Tuesday, February 24, 2009

Saturday Spinfest

I didn't get to phone in to Mesa County's first telephone town meeting on Saturday, but from Mike Wiggins' excellent account in the Sentinel I read some statements that had me scratching my head. For example:

(County Commissioner Craig) Meis responded by saying county residents can enjoy both a high quality of life and the economic development that comes from drilling. He said the industry slowdown will give the county time to catch up and plan for further development if and when drilling ramps up again.

I'm not sure I see the direct connection between energy development and a higher quality of life. Perhaps it's a mathematical figure based on the total amount of particle board and stucco used in a calendar year, divided by the number of white 4-wheel drive dually pickups registered in the county. Maybe it's the time of one's daily commute, multiplied by the cost of operating your vehicle.

Perhaps quality of life can't be derived from balance sheets, employment figures, the consumer price index, or the S & P 500.

Perhaps that quality is derived from knowing we are loved, and being able to love and care for others. Does that love emerge from material wealth? I don't think so.

Perhaps in the wake of the inevitable adjustments that have occurred in the wake of the greed and mismanagement in the world's credit markets, some people are becoming more inclined to take stock in those intangibles that truly define quality of life.

Perhaps the economic adjustments that have resulted in limited credit availability and reduced market prices for energy (the real reasons behind the downsizing) will result in greater acceptance of simpler living. If that happens, I feel bad for Craig Meis and those like him.
“If it were any other sector pulling back hundreds of millions of dollars, the leadership of this state would be sitting down saying, ‘How can we keep you here? What can we do to keep you here?’ ” (State Senator Josh) Penry said. “But that’s not happening in this case. It’s making a grim situation only worse.” The senator said he is confident that, in the long term, there will be “a growing bipartisan recognition that we’ve got to fix these rules.”
Any other sector of industry wouldn't be leaving the raw materials of its' business behind. The energy sector has no choice. The reason they are scaling down is because the price they stand to get for those materials has dropped to the point where it is no longer profitable. The almighty marketplace has determined this.

Growing up in the shadow of the steel industry in the 60's and 70's, I got to see the direct effects of steel production on my neighborhood. I later watched those effects diminish as tighter controls on emissions drastically improved air quality. When the bulk of the steel industry went away in the late 70's, market conditions were the primary cause.

The rule changes are in response to several years of energy activity without the rules. When energy prices and credit availability recover sufficiently, the drilling will ramp up again because the energy is still here. However, it will be extracted under conditions that will help to protect those intangible features that provide Coloradans with an exceptional quality of life.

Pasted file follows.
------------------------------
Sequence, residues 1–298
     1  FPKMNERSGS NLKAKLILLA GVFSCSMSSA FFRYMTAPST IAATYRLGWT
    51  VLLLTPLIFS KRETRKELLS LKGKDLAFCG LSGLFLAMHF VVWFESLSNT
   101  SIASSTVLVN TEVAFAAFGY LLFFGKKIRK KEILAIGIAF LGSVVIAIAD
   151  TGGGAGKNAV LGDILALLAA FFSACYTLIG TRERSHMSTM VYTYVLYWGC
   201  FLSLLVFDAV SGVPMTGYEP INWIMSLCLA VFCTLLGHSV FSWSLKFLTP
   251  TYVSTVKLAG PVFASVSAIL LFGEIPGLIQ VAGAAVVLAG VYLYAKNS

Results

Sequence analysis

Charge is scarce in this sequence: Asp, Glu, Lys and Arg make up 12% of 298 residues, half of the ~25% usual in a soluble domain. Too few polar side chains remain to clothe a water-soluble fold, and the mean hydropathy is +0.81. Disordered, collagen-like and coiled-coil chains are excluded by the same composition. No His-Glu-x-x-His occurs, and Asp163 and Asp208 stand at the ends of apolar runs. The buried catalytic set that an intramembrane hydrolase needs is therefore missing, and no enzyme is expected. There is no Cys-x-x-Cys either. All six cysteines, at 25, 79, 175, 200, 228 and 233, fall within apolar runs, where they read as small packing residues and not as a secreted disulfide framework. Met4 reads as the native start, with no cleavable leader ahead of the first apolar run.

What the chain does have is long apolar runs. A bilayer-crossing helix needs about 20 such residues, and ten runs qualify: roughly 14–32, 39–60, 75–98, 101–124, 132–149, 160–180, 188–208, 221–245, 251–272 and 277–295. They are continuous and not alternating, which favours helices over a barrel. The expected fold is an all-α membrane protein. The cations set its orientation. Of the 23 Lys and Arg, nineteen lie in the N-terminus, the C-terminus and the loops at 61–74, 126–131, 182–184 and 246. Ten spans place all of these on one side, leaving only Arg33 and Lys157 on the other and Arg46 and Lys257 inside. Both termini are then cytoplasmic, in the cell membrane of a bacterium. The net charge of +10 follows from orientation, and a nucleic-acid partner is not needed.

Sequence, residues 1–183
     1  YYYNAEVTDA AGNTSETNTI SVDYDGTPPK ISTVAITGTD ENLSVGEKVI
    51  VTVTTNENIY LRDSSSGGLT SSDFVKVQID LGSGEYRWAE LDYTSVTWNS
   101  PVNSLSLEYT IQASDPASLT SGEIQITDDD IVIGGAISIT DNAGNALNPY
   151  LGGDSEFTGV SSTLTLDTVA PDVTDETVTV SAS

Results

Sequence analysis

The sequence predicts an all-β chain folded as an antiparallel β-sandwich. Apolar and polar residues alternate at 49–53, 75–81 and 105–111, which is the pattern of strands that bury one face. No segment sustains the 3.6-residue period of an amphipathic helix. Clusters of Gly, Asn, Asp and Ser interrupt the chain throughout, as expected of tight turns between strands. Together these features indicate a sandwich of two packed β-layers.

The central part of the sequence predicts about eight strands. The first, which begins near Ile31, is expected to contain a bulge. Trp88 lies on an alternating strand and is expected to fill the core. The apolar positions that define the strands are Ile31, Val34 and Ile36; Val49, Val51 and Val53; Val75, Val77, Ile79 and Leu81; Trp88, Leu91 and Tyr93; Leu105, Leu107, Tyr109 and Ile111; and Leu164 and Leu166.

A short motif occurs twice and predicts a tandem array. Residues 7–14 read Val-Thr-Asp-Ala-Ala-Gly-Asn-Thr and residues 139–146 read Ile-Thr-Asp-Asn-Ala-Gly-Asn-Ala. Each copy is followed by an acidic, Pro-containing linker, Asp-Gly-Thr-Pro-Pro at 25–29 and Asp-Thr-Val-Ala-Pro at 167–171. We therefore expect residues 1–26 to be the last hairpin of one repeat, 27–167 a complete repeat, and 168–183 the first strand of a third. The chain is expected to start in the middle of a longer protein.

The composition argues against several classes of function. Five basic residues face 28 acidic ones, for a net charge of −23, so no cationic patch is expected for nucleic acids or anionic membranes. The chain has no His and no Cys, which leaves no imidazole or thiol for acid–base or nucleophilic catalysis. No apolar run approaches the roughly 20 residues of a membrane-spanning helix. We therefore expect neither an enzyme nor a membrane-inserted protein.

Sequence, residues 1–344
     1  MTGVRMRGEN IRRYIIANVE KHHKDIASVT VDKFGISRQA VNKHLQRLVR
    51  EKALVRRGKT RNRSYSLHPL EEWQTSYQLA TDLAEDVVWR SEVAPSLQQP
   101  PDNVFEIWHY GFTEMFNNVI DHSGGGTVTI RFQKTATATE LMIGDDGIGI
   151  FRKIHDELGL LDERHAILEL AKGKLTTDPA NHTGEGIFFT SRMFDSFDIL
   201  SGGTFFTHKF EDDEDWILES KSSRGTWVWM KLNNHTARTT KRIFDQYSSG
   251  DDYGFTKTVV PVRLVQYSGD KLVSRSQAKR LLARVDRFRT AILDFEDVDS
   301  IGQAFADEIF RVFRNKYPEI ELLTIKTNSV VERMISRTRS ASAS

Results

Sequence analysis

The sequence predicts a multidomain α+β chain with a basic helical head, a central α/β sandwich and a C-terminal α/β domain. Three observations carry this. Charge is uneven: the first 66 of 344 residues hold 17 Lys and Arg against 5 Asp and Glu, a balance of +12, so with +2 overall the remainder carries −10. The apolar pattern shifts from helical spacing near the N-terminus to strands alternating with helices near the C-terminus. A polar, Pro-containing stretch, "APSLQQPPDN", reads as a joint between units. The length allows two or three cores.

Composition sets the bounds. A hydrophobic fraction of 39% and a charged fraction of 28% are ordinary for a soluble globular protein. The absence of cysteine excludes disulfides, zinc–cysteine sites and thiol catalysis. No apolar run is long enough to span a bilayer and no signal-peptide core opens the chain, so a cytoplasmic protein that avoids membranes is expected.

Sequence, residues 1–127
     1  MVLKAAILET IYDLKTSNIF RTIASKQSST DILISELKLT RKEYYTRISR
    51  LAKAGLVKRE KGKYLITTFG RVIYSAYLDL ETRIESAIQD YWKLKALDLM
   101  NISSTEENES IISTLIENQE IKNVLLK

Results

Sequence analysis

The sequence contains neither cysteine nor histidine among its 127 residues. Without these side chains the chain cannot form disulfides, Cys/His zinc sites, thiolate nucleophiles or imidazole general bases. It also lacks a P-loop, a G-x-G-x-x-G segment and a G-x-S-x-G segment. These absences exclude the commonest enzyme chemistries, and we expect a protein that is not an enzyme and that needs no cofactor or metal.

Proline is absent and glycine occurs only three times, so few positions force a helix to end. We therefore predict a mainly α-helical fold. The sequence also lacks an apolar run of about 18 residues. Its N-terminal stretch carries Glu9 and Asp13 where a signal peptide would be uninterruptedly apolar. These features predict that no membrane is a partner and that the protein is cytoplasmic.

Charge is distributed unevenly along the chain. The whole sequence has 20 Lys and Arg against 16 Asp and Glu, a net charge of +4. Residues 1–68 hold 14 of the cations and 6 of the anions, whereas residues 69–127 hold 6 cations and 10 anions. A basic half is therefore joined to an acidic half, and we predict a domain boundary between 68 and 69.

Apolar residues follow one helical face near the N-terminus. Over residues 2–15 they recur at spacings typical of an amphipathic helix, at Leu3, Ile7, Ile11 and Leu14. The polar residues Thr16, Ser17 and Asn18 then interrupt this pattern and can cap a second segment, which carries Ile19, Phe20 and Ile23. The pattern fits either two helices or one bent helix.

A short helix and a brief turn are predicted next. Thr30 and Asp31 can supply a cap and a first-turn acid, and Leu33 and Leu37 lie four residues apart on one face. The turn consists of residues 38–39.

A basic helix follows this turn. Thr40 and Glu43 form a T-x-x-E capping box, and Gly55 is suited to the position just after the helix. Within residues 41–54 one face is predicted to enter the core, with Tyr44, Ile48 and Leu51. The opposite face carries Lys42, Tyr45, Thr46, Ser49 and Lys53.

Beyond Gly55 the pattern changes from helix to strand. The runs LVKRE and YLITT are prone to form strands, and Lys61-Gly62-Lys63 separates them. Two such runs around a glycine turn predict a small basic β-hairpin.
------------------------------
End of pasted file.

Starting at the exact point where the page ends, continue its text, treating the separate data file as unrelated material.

In response to a question about alternative energy production, Meis said it’s important for other areas of the country to step up and provide energy, whether it be extracted minerals or alternative forms such as wind and solar power.
“I don’t want to be the only place supplying energy for the country,” he said. “Just because Martha’s Vineyard doesn’t want to see windmills in their backyard doesn’t mean we need to be drilling here in our backyard (alone).”
Fortunately, there are several entrepreneurs in the Grand Junction area, who along with many property owners have sufficient vision to leverage our preponderance of sunny days with solar power solutions for residential and business properties. This is an example of thinking globally and acting locally.

Also, I'm wondering if Mr. Meis has ever been to Cape Cod and the Islands. If he hasn't, then he knows not what he's talking about. If he has, then he needs to be reading up on the issue. If he wants to see windmills, Nebraska and Iowa are a lot closer anyway.

Not every participant was pleased with the tenor of the discussion that leaned in favor of the energy industry. Rowland, who acted as the moderator, indicated about halfway through the meeting that one person wanted to know if the commissioners had “given thought to having anyone on the panel with a differing opinion.”

Rowland responded by saying the meeting wasn’t intended to serve as a pro-and-con discussion of the industry, but rather as a forum for people to ask questions.

Well, they organized it, and I suppose they can invite who they want. It's still disingenuous to utilize cutting edge technology to link the community in such an innovative manner, and then try to structure the message and the participants to allow for criticism of people and ideas that have no representation, no way to defend themselves.

If, as Commissioner Rowland says, the forums are intended for people to ask questions, then the people should have the opportunity to ask them of stakeholders on all sides of an issue. Fair and balanced, right?

I'm interested in these electronic town meetings, and will probably participate in at least one over the next few months. I would hope that the commissioners will not attempt to stack the newer forums with like-minded advocates for the position espoused, in hopes of spinning the message unchallenged.

Have a good week ahead.

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